The two men walked out of the room, down the stairs and out the main saloon door on a lockstep motion reminiscent of their military days. Stopping on the boardwalk, each looked in a single direction. Then, Wolf nodded to Dick, indicated he should cross the muddy strip that served as the town’s main street and head up the road a ways. Wolf began to saunter down the boardwalk on his side of the street, hand caressing the worn holster riding his hip.
Neither man took any notice of the old drunk lounging in a chair in front of the saloon, trying to suck down the remaining dregs of a bottle of rotgut.
Teaspoon watched as the two obviously military men tried futilely to appear as if their movements were aimless. Soon, they were holding up posts on both sides of the street, with a clear cross fire position down the road that passed Dobytown on its way from the river to the fort. Enfilade. That’s what they called it. It was a military term meaning when two fields of fire crossed each other deliberately to increase the deadly effectiveness of all shooters involved. It was very professionally done.
Hauling himself to his feet, Teaspoon began to make his own, much less obvious way toward the end of the street, signaling to Buck and Teresa along the way.
He could feel the tension building inside. Soon this would all be over and he could take his kids home. All of them. He couldn’t lose them now. Not after all these years. Not when he finally had them back.
“Here we go,” Lou muttered, ostensibly to herself, but in reality as a warning to Lu, who couldn’t see much more than the road disappearing beneath their horses’ hooves.
Switching the reins to her left hand, she slipped her right hand stealthily under her jacket to rest on the butt of her revolver, ready to pull it out at a moment’s notice.
“Ready or not, here we go,” she added, trying to project a calm she only partially felt. Clicking her tongue to her horse, she urged it to a faster trot. She’d avoided the higher speed so far in an effort to spare Lu the pain of being bounced unceremoniously around on the animal’s back. But now, she needed the speed too much to worry about it.
Bending low over the horse’s neck, she tried to make herself as small as possible as they approached the end of the main street in Dobytown where it crossed the river road to the fort. This was the biggest danger point. And, almost as if cued by her thoughts, shots began to ring out, whizzing over her head as she sped past.
She pulled her gun with one hand, while releasing the leadline to Lu’s horse with the other. She continued to direct her own horse with the movement of her thighs and knees. She and Lu began to fire wildly in the direction of the incoming fire as they ran the gauntlet.
Dick cursed as the supposedly dead rebel soldier suddenly sprang back to life and returning fire along with his whore. Damned Johnny Reb. Couldn’t even trust one to stay dead!
Buck’s job was to make sure there were no more men waiting in the wings that they hadn’t already identified. But that took only a matter of moments. Then his eyes moved to the window across the street where he knew Teresa was waiting. He watched her take aim at the outlaw on the boardwalk beneath him. She took one shot, then her gun jammed and flamed out in her hand. She dropped the weapon rather than suffer major burns and Buck could see her cursing even from his position.
Looking back down to street level, he noticed Teaspoon sneaking up behind one of the outlaws, his weapon drawn and cocked.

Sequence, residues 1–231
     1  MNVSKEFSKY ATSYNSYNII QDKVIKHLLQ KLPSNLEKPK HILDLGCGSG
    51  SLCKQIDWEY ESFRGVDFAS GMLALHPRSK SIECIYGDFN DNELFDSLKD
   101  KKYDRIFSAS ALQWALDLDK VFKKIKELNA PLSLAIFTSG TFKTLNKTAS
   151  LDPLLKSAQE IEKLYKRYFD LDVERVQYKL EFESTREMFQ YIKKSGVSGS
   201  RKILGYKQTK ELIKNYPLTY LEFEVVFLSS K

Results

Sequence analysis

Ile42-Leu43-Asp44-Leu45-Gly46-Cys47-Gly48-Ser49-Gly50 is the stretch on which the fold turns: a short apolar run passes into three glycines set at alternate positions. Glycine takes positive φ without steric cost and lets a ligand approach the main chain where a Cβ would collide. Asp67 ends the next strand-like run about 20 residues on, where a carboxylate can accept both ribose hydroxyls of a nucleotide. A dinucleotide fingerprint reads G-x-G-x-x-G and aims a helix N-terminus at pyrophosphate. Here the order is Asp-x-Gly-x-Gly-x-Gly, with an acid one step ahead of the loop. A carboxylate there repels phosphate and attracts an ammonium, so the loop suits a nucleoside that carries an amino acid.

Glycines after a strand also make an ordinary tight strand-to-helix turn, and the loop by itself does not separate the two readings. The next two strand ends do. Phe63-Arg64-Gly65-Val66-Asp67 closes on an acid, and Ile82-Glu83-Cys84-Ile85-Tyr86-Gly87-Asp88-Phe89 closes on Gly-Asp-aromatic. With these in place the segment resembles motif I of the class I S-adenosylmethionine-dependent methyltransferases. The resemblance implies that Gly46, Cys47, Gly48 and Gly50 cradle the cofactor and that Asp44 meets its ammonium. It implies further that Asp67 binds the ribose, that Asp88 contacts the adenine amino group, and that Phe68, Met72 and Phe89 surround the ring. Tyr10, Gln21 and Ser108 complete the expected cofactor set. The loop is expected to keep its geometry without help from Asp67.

Making a sudden decision, Buck broke cover and jumped over the false front of the saloon, sliding down the sloped roof of the porch cover over the boardwalk, then grabbing the edge of the roof in both hands, he let himself dangle off the edge, over the muddy street below.
Wolf grunted in pain as each shot he fired jarred his injured shoulder. But, like the good soldier he’d once been, he didn’t let the pain slow him down. Instead, he continued to lay down fire, even as the stubborn tramp managed to evade all his bullets.
“Damned rebel whore,” he muttered as he stopped firing long enough to rapidly reload. Raising his arm once more, he took careful aim and began to slowly pull back on the trigger for a smooth shot that would send a bullet flying right between her eyes.
“I wouldn’t do that if I was you,” a gravelly voice whispered in his ear, as the cold metal of a gun barrel pressed into the back of his neck. “You pull, I pull. And I guarant-damn-tee it you’ll die first. Now, drop it!”
“Ow,” Dick growled as the two seccesh bastards out there managed to get a bullet through and lodged it in his leg. He reached down to quickly wrap a handerkerchief around the thigh to stop the blood. Then, picked up his weapon and took aim once again.
Only, instead of squeezing off another round, instead he felt the impact of two boots in his back and was suddenly flying of the edge of the boardwalk to land face first in the muddy street.
Even as he pushed himself up on two hands, he heard the thump of someone landing hard on the boardwalk behind him and the ominous click of a trigger being cocked.
“I’d do that real slowly,” a voice growled at him. “And make sure ta keep yer hands well away from that gun.”
Seeing that both remaining gang members were under control, Teresa cupped her hands around her mouth and shouted, “We got ‘em. Ride on through! See ya in court!”
Hearing her sister’s shouted message, Lou raised a hand in salute.
Lu grunted and slipped his gun into its holster while trying to rearrange himself in the saddle more appropriately. Lou slowed her horse to give him a chance to get situated. When he looked settled, she grinned at him.
“Ready ta ride?”
“Lead the way,” he grinned back. Then winced slightly and rubbed a hand across the back of his head, coming away with a smear of blood.
Lou, already leaning low over her horse’s neck, never noticed as she urged it into a full on gallop. At this pace they could cover the remaining three miles in a few minutes.
Lu dug deep and urged his horse after her, despite the headache that was re-awakening at the back of his skull and his suddenly fuzzy vision.Chapter 23